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Adrian: School Wars

There’s been an awakening.  Have you felt it?  In the last days of the 2014 election season fifteen Democratic legislators proclaimed that they had finally seen the light and planned to work on real property tax reform during the 2015 legislative session.  Property tax reform is just a code word for school spending reform. 

Vermont House Speaker Shap Smith along with former state officials and politicians, recently released a report recommending in whole or in part that school spending be restructured and tightened; that income taxes replace property taxes as the primary funding method; and that the State, not municipalities be responsible for raising all education funds.  Speaker Smith is now soliciting Vermonters to submit funding plans with the objective of making schools “sustainable and affordable” or equitable and cost-conscious. 

Equitable means that students, their families and the community at large will benefit both tangibly and intangibly.  Tangibly from the stabilization of their taxes and intangibly from a continued, quality education delivered to all Vermont students.   All employees of the public schools will be treated fairly and commensurate with how other professionals in Vermont are compensated.

Cost-consciousness entails providing the maximum educational and social services legally and ethically required, to the student population, while also factoring in the economic realities of the nation’s second smallest state.  Smallness gives us unprecedented flexibility, but also means that flexibility is constrained by a limited economic base.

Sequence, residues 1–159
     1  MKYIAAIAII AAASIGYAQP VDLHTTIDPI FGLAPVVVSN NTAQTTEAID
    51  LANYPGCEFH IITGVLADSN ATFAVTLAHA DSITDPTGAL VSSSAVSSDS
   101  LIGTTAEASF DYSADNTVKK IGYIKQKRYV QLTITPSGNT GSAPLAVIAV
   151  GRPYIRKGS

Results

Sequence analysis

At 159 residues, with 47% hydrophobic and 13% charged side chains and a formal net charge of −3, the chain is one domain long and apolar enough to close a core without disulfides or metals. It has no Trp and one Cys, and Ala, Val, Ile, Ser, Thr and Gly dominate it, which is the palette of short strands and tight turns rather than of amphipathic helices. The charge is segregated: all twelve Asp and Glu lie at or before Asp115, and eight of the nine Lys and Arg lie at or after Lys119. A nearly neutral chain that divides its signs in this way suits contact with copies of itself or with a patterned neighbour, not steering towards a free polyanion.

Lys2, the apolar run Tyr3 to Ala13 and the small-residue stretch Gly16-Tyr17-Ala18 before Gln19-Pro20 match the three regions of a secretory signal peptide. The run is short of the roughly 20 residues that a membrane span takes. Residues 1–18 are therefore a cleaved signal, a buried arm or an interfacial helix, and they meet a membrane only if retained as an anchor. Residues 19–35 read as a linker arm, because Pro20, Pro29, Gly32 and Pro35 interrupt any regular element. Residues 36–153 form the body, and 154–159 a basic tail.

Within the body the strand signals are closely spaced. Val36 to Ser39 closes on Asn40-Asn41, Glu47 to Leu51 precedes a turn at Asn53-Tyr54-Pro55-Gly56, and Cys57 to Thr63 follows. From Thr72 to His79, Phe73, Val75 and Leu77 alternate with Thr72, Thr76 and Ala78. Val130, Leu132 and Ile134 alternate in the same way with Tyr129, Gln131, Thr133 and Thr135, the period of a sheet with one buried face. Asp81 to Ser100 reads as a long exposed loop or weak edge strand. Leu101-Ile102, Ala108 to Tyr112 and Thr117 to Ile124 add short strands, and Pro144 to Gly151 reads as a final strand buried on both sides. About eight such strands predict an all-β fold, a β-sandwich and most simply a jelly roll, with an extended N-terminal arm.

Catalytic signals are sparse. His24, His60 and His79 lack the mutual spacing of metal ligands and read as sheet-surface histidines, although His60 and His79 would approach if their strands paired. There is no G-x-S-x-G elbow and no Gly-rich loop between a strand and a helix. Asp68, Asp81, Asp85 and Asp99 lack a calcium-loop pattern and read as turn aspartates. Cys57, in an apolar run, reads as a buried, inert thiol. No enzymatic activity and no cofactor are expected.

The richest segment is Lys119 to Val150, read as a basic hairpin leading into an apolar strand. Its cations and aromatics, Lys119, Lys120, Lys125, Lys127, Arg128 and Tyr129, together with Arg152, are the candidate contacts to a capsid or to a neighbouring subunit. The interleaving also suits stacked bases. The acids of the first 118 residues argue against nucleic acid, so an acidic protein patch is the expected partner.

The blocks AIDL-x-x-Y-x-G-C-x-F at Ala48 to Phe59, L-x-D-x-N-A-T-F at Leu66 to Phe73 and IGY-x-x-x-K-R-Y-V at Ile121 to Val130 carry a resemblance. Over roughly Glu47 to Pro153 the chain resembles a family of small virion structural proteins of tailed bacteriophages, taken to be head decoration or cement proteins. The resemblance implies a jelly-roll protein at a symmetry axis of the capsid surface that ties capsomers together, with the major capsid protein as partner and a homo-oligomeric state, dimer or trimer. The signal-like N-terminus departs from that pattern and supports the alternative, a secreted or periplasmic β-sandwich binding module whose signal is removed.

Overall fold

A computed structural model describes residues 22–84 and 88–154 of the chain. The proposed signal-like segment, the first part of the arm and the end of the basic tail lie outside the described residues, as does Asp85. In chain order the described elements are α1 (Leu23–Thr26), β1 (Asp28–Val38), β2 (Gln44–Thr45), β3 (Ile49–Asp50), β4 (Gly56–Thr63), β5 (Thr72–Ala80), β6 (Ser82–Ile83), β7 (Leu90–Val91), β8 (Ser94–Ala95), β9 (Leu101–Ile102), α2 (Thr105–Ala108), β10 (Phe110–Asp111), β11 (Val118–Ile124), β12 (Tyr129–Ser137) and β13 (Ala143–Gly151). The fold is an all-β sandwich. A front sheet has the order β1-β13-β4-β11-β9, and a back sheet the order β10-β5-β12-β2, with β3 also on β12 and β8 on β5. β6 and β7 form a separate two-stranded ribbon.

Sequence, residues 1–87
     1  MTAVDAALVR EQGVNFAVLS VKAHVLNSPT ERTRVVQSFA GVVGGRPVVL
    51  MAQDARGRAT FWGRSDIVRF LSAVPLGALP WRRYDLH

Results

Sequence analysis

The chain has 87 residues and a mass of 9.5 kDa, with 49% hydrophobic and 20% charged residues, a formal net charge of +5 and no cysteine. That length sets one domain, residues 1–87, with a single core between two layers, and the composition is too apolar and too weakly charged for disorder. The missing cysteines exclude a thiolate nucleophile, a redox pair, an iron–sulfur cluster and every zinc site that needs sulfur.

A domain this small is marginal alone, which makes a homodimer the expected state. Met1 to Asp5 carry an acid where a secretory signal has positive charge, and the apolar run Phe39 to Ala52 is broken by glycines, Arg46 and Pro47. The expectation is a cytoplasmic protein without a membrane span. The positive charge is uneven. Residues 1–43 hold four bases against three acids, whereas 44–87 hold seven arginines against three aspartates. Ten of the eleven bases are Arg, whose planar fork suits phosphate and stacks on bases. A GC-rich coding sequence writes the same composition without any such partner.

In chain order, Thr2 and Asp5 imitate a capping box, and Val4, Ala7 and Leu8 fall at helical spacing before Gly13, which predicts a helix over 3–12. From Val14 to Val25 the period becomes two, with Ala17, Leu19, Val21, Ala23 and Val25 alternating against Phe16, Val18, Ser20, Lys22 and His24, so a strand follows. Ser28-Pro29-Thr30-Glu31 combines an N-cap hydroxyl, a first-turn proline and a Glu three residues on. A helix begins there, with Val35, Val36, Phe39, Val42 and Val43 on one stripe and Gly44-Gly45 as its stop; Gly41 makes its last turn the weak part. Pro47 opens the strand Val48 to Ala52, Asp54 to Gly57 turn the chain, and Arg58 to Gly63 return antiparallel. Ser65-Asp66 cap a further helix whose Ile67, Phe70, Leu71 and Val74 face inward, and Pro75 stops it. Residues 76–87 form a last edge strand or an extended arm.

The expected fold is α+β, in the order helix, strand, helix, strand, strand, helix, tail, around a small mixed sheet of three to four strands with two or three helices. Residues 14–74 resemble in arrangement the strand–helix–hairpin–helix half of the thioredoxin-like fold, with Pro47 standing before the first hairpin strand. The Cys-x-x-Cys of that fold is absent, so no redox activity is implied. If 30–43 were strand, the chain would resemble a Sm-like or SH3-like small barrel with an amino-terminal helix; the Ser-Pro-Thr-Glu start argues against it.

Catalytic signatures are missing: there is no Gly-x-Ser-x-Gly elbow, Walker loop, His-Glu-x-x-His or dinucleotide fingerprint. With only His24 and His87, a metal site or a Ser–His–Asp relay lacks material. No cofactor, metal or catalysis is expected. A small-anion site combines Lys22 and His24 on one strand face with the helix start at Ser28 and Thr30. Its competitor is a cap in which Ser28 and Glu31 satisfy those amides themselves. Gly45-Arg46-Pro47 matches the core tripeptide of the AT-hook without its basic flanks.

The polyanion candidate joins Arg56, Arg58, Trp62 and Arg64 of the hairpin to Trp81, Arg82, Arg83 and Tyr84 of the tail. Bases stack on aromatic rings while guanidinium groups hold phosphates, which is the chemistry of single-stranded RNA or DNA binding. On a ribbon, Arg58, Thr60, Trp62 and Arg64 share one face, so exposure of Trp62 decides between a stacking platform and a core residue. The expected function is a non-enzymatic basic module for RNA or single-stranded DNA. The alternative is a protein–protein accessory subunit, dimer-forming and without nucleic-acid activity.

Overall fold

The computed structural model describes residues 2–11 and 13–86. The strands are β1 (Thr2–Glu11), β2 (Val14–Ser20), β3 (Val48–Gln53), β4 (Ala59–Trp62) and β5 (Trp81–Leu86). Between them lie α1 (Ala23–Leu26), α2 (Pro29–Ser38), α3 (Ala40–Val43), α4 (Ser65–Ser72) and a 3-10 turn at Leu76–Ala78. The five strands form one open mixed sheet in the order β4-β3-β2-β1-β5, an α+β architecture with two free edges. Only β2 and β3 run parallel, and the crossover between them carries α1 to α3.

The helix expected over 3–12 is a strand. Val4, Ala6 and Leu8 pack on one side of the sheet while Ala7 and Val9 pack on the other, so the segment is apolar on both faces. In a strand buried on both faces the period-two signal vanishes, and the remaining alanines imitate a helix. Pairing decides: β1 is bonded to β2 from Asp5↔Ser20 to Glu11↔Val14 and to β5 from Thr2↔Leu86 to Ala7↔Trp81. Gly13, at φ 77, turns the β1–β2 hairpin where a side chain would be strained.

To say our education system cannot move forward without continually imposing substantial tax increases is to create a false dichotomy.  Small tax increases can be levied to move education programs forward in order to benefit the students.  At the same time education professionals should not expect unsustainable automatic salary increases and continue paying proportionally small health care premium contributions for top-shelf health care plans. 

Instead of the 41 separate school districts in a state of less then 650 thousand, we should have one central school district, administered by the State.  This centralized district would fix costs and determine any necessary cost of living adjustments based on regional differences.

The Vermont NEA, representing 12,000 education employees, should understand that we no longer live in the early 20th Century where a union was necessary to protect a poorly compensated workforce.  Labor laws that didn’t exist a century ago, now protect employees.  The Vermont NEA in its current construction is an anachronistic impediment to long-term, necessary change in our education system. 

Over the past decade, the middle-class of Vermont has felt the dark side of the educational debate.  Now it’s time to see the light.